Two New South Wales men have been sentenced for their role in a significant money laundering and tax evasion scheme after an investigation by the Serious Financial Crime Taskforce (SFCT).
Anthony Castagna (70) from Gordon was sentenced to seven years’ imprisonment, with a non-parole period of four years and Robert Agius (68) from Sydney was sentenced to seven years’ imprisonment. He will be eligible for parole in March 2021.
The Minister for Revenue and Financial Services, the Hon Kelly O’Dwyer MP, said the ongoing efforts of the SFCT are achieving tangible outcomes.
“These significant sentences handed down today pay testament to this extensive investigation by the Serious and Financial Crimes Taskforce,” Minister O’Dwyer said.
“The Serious and Financial Crimes Taskforce is delivering real results. Since it was established in 2015 it has completed more than 800 audits and reviews, raised nearly $600 million in liabilities and seven people have received custodial sentences.”
The Minister for Law Enforcement and Cyber Security, the Hon Angus Taylor MP, said this is another example of the Turnbull Government’s SFCT bringing to account those who seek to cheat the system.
“Money laundering and tax evasion have serious repercussions on the Australian economy and we are committed to dismantling these schemes and ensuring those responsible have their day in court,” Minister Taylor said.
“This investigation began in 2006 after the Australian Taxation Office and Australian Federal Police dismantled large-scale money laundering and tax evasion schemes based in Vanuatu, in turn leading them to the activities of these two cousins.”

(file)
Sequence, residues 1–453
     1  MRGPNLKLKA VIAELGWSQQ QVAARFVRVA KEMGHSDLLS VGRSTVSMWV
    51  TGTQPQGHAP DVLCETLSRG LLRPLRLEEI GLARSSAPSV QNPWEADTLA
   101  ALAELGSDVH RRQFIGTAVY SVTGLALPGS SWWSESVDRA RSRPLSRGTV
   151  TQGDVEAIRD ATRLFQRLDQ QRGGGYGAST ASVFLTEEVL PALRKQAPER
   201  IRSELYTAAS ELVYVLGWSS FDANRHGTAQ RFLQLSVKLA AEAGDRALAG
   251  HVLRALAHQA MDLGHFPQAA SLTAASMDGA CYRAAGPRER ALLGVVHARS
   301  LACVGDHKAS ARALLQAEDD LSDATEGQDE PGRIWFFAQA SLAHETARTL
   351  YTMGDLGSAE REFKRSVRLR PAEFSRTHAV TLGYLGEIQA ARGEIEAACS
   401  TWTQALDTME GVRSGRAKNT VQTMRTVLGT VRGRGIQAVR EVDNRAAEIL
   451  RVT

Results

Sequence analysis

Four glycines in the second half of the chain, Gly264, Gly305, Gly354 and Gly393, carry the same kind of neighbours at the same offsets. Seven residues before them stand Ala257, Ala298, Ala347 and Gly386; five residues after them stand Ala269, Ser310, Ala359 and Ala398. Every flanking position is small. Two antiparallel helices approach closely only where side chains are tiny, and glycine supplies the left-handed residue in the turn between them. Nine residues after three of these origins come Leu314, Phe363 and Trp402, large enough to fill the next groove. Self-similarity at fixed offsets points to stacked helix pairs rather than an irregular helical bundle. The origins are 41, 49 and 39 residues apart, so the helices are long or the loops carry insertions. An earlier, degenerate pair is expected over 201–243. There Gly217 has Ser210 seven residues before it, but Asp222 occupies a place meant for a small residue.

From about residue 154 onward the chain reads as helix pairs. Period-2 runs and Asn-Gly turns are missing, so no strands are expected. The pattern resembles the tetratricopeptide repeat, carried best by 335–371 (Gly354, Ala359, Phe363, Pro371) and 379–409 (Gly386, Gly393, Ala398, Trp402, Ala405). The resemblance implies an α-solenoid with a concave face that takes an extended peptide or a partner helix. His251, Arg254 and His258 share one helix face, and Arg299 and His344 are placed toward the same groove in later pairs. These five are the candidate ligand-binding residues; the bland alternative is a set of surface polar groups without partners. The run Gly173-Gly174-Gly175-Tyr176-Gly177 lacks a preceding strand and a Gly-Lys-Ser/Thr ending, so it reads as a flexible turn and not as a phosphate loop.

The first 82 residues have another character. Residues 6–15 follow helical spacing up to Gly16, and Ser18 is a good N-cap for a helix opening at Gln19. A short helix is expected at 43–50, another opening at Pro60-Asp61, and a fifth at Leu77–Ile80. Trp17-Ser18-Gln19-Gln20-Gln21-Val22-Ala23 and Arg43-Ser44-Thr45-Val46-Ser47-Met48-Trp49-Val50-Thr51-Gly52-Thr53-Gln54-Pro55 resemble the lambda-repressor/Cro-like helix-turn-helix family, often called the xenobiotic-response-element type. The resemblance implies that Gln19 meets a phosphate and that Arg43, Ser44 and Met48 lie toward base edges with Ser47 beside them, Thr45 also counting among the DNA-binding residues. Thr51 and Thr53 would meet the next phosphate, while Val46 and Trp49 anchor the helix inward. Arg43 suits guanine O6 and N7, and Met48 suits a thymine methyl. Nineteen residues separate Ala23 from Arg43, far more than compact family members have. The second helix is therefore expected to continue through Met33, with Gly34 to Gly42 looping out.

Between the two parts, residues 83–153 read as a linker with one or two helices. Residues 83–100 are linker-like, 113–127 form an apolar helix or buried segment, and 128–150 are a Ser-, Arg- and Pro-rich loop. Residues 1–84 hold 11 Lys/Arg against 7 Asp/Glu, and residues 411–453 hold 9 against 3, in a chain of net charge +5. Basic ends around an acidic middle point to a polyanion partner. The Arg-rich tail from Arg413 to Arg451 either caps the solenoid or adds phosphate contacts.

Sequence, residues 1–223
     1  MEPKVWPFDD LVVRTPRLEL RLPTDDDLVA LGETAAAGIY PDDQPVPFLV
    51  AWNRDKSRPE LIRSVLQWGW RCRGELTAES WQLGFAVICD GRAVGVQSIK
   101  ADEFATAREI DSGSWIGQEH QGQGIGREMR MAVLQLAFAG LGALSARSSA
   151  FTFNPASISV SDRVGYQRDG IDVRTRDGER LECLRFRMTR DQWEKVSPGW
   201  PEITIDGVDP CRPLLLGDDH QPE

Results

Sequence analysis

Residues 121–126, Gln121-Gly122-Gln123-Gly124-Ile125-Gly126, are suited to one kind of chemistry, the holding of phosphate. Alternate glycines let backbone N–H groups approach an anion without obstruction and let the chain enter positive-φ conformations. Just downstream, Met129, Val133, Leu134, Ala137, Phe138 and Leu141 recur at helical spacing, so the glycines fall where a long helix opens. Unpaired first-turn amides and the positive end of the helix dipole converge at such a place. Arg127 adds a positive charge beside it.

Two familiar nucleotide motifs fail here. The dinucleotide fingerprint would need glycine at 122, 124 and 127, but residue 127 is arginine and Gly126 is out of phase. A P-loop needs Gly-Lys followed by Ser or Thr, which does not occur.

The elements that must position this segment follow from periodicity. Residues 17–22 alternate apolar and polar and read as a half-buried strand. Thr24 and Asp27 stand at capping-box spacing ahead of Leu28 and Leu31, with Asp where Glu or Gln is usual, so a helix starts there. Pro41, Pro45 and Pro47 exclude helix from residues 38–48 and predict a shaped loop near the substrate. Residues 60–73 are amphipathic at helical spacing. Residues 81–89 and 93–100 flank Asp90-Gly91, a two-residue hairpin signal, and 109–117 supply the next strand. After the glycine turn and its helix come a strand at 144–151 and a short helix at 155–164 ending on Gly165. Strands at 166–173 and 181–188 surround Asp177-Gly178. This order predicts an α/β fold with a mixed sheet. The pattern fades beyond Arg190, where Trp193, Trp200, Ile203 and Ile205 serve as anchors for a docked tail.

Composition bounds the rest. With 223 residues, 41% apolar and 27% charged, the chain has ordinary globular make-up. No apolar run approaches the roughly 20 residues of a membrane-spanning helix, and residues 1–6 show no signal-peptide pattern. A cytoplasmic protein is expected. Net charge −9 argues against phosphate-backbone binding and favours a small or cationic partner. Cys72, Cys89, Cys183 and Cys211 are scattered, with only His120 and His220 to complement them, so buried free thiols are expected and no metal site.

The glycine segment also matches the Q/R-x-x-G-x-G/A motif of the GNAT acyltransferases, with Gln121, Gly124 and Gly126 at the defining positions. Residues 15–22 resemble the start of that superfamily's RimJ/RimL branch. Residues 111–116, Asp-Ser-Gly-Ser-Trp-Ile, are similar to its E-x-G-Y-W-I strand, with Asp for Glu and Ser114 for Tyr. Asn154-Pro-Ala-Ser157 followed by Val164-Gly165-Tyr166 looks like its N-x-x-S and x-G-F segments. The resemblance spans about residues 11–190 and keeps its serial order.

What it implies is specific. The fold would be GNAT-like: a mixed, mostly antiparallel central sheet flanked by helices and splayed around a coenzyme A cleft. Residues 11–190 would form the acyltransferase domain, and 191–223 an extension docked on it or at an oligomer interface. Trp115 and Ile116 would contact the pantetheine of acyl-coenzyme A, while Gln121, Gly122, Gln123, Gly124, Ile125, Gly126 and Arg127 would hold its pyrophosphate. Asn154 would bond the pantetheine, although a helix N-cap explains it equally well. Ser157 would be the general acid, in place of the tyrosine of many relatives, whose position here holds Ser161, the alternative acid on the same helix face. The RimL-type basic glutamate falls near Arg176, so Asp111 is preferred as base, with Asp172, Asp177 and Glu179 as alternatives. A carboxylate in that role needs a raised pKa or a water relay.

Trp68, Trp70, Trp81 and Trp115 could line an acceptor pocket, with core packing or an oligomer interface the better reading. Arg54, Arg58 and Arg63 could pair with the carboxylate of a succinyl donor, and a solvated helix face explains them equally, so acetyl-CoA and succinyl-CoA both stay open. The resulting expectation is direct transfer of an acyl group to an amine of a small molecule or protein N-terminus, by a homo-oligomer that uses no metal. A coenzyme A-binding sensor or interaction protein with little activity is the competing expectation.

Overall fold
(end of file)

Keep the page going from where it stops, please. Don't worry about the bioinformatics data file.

Mr Castagna failed to declare approximately $5.7 million of income and bonuses. The pair used an off-shore company, owned by Mr Agius, to hold funds before using sham loans to return the money to Australia without paying tax.
On Wednesday 18 April 2018, a jury found both men guilty of:
- Conspiracy to defraud the Commonwealth, contrary to s29D and 86(1) of the Crimes Act 1914;
- Conspiracy to cause a loss to the Commonwealth, contrary to s135.4(3) of the Criminal Code Act 1995), and
- Conspiracy to deal with the property of a value greater than $1M believing it to be proceeds of crime, contrary to s11.5(1) and s400.3(1) of the Criminal Code Act 1995.
The SFCT was established in 2015 with a dedicated $127.6 million in Government funding.
Agencies forming the SFCT include the ATO, AFP, Commonwealth Director of Public Prosecutions, Australian Criminal Intelligence Commission, Attorney-General’s Department, Australian Transaction Reports and Analysis Centre, Australian Securities and Investments Commission and Australian Border Force.
- Explanatory Graphic [PDF 343KB]